AWS Region is a distinct geographical location, completely isolated that is located far from each other. Regions have the highest fault tolerance. As of 2018, AWS has 19 regions established throughout the world. However, When you create an account, it determines which regions are available to you.
Amazon resources created in one region are specific to that region and are not replicated to other regions. For example – Amazon EC2 instances created in one region remain in that region and cannot be transferred to another region. Instead, you can copy the Machine Image and launch a new instance in another region.
Availability Zone –
Each Region provides multiple physically separated, low latency, high throughput Availability Zones(AZ). These AZ let users launch resources which provide fault tolerance and high availability. As of 2018, AWS has 57 Availability Zones throughout the world across 19 regions. When resources are launched in a particular region, you have the option to specify the AZ. However, if you don’t choose the AZ, then Amazon will choose one for you. There are certain limits on how many resources can be launched by a customer in an AZ as the Availability Zone grows over time.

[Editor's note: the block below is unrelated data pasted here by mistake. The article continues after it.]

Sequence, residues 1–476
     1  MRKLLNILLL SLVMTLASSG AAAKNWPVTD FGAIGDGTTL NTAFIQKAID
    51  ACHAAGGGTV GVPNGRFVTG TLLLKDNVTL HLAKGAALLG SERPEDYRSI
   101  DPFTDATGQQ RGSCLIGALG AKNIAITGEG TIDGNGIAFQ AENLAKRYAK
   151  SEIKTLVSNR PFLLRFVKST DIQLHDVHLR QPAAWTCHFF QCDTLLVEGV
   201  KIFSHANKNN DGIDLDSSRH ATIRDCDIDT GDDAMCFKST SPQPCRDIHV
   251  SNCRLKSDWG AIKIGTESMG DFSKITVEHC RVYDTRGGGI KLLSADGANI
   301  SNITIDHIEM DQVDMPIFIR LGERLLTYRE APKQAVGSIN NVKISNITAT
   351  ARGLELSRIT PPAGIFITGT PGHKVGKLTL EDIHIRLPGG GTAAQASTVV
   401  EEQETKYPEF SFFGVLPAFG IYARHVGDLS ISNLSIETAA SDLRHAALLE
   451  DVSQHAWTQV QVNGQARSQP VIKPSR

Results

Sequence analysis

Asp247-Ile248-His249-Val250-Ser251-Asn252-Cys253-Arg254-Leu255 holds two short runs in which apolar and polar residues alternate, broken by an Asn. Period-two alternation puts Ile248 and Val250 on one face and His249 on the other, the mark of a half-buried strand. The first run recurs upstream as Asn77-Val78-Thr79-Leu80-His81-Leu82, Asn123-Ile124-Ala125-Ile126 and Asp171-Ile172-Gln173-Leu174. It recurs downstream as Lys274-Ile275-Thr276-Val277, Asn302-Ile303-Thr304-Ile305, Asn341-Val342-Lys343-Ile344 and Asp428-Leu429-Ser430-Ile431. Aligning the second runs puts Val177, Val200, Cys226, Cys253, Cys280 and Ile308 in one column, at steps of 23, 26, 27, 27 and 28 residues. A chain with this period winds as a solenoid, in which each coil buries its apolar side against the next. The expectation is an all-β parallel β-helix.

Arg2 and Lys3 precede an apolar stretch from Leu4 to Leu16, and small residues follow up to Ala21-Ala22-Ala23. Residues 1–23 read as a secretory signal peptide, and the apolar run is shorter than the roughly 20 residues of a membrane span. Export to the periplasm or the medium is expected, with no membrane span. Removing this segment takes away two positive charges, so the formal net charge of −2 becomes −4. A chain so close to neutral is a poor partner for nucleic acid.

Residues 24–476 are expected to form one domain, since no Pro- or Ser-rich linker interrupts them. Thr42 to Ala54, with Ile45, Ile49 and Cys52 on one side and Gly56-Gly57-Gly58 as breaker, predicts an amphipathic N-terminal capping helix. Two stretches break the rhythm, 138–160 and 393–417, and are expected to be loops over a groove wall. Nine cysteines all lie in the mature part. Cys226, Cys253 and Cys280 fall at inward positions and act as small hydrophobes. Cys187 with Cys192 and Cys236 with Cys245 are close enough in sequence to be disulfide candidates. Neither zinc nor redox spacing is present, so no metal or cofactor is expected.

Edge Location –
An Edge Location is where the users actually access the services. These Edge locations are present in some of the major cities across the globe to reduce the high latency. As of 2018, there are about 144 edge locations used the Amazon Content Delivery Network, called the CloudFront. Without these Edge locations fetching resources/content of websites on the other end of the world(say the USA) will take longer time for a user in the opposite end of the world(say, Asia).
Amazon constantly adds new AWS Regions, Availability Zones and, edge locations to expand its global infrastructure. You can click here to refer the current information on these.